For example, your organization will need to take the time and resources necessary to identify the type of incident (malware, ransomware, phishing attack, etc.), in order to take the right steps to contain and eradicate the threat, as well as recover critical systems and data. And as your incident response team works towards these ends, many of your users may not be able to conduct business as usual. The result is not only lost man hours, but potentially revenue losses and damage to your reputation.
That being said, the focus of phase three should be containment and eradication of any and all threats. This will require a certain amount of downtime, which you should plan for along with your cybersecurity partner. After the threat has been eliminated, during remediation all affected systems need to be restored to where they were before the incident took place. Proper phase one and two planning will substantially reduce the time, financial cost, and organizational effort required for all phase three activities.
But in a nutshell, your phase three planning should cover the following:
- Taking risk-mitigating actions to prevent further impact and damage to your organization.
- Removing any known existing threats from the network completely.
- Plan for near-term incident remediation, remediation strategy, and roadmap for recovery.
- Resuming normal business operations, as well as developing long-term risk mitigation based on documentation of lessons learned.
Phase 4: Post Incident Activity
Once a cyber incident has been contained and remediated, and operations normalized, your phase four post-incident activity should focus on what lessons you’ve learned. Be sure to ask some of the following questions:
- How did the incident occur in the first place?
- How can similar incidents be prevented from reoccurring in the future?
- What existing preventive measures can be strengthened, or additional ones that can be put into place?
- How can monitoring and alerting processes be improved to ensure more timely and accurate notifications?
- How can containment, remediation, and recovery processes be better streamlined to minimize overall downtime and disruptive activities?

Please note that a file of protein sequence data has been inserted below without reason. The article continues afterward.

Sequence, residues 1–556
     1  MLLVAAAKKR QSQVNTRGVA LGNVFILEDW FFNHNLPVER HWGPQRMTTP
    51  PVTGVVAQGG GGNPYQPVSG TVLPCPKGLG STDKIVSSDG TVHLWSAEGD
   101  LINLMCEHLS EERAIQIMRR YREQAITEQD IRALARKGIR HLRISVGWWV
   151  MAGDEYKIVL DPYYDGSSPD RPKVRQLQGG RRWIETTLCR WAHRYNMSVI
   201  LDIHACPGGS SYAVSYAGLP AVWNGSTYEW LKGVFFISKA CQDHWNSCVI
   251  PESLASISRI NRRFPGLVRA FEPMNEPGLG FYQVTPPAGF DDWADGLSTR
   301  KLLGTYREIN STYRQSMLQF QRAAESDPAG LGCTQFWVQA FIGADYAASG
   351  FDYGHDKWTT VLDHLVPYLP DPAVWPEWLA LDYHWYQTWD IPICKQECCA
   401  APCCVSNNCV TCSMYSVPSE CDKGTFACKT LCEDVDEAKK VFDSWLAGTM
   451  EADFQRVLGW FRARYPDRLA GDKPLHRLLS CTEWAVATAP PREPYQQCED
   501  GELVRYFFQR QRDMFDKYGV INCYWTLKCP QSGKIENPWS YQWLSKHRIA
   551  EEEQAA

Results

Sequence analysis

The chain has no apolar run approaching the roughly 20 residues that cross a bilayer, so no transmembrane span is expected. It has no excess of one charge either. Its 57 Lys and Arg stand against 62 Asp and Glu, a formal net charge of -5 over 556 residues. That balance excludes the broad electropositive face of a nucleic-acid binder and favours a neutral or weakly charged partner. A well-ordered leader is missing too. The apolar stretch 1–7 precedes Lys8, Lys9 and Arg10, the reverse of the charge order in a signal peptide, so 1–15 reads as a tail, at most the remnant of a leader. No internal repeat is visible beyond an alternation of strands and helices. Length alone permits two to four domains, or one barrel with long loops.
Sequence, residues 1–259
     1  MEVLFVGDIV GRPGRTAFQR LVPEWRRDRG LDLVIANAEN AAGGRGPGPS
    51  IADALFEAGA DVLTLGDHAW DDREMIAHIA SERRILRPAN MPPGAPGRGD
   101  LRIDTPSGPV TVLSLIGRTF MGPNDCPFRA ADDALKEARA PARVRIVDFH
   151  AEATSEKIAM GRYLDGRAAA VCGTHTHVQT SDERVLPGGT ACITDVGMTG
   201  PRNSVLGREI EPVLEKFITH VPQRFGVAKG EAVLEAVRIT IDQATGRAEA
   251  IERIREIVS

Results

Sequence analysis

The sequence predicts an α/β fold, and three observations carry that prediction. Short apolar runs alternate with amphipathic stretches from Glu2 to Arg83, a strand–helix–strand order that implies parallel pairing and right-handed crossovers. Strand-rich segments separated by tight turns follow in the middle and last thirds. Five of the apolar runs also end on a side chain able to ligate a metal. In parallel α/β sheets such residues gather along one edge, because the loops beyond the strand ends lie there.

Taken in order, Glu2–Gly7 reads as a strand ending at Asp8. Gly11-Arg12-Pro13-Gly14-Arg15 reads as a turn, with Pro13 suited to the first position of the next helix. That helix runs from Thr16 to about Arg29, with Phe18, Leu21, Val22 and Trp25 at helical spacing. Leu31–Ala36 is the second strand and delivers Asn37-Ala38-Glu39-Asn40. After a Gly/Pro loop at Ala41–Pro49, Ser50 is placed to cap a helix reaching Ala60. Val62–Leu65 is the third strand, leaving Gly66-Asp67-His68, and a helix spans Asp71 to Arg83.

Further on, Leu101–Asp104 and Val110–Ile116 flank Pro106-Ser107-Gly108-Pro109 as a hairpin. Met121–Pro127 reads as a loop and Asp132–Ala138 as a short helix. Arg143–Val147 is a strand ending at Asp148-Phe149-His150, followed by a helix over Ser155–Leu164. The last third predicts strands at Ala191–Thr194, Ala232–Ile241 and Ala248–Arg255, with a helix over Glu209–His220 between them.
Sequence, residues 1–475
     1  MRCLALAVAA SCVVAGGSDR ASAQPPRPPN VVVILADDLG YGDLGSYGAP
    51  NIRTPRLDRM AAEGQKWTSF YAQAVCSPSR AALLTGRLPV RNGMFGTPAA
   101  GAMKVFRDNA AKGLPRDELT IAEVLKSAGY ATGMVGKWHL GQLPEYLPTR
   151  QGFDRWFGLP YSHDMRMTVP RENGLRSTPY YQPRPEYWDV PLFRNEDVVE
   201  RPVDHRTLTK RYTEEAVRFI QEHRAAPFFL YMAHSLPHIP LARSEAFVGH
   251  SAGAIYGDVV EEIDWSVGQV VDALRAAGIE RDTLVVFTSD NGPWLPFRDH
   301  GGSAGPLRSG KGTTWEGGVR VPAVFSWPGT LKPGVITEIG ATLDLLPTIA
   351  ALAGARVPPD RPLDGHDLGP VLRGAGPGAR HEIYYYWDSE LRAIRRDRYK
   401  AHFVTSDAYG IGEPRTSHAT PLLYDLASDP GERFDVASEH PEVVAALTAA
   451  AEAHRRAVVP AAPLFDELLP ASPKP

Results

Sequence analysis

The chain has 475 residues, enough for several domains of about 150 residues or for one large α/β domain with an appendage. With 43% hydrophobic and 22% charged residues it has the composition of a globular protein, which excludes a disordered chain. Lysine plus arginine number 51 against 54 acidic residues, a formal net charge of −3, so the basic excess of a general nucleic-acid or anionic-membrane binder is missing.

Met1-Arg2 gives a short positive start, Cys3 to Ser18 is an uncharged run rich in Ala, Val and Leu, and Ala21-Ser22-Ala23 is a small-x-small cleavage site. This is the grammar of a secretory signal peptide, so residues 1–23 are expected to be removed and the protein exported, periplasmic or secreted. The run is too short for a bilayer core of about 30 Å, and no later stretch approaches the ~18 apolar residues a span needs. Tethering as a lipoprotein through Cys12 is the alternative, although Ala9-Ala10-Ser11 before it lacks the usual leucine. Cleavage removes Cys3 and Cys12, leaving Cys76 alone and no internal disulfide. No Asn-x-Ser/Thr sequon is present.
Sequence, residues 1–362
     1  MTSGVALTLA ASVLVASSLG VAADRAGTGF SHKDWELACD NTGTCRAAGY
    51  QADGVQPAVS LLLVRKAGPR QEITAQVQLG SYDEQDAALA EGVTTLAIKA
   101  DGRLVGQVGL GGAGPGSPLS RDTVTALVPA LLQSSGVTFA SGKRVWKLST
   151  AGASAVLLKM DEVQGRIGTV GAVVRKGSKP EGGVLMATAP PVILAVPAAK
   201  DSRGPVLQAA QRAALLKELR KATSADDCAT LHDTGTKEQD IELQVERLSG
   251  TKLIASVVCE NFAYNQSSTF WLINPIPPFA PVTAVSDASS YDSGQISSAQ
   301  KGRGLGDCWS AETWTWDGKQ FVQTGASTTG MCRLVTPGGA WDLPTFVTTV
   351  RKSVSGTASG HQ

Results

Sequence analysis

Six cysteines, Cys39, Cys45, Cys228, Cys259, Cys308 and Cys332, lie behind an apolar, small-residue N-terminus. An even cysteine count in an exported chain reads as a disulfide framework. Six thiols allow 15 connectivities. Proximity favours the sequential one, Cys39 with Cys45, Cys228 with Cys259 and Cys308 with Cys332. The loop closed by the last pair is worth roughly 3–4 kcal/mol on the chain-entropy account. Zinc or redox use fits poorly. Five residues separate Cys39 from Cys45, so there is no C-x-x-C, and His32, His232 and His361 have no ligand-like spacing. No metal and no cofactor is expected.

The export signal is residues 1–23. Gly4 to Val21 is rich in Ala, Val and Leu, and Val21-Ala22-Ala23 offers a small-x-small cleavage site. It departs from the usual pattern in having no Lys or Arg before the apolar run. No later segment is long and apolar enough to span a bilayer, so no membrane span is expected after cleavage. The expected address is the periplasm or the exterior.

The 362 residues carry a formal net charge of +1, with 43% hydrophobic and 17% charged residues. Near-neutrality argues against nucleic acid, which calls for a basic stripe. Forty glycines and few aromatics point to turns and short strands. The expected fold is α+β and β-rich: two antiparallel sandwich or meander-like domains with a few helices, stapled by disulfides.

- How can management ensure that the incident (and others like it) have not negatively impacted the overall business?
You’ll also want to review incident logs to answer some (or all) of the questions above, especially to map out any soft spots in your security configurations. Subsequently, work with your cybersecurity partner to tweak any policies or procedures needed to eliminate any of the weaknesses you’ve spotted. Finally, begin testing any new processes, rules, or systems configurations to validate their effectiveness (while bearing the potential of false positives in mind). A well-equipped cybersecurity partner can offer services like breach assessments, forensic analysis, and penetration testing to help optimize your approach and implementation of phase four of the incident management lifecycle. Any claims management, legal, or regulatory compliance issues should also be taken into account in phase four.
By now you should be able to recognize the basic four phases of the incident management lifecycle and realize that adhering to those phases as set forth by NIST is truly a team, organization-wide effort. Moreover, all four phases need to be implemented in concert for optimal protection, elimination, and remediation of any cyber attack that could potentially affect your critical systems or data.
You’ll want to work with your cybersecurity partner to understand the how’s and why’s of the NIST framework, and how they apply specifically to your business. And while you might think that a cyber attack is something that simply won’t (or can’t) happen to your organization, investing in early-stage phase one preparedness is simply not an option.
Once you’ve formulated an IRP in phase one of the incident management process, it’s also critical to invest the proper amount of resources and tools into phase two early detection and analysis. Many malicious actors can exist within a system for long periods of time, stealing data or doing damage to your systems, if adequate threat detection and incident management tools aren’t implemented with your cybersecurity partner. And once an attack or cyber crime does occur, having a plan for phase three response, containment, and elimination is essential to making sure the damage is limited and that workflow can continue. Once all systems have been restored, conduct a thorough post-mortem to bolster your defenses and lessen the odds of a similar attack occurring in the future.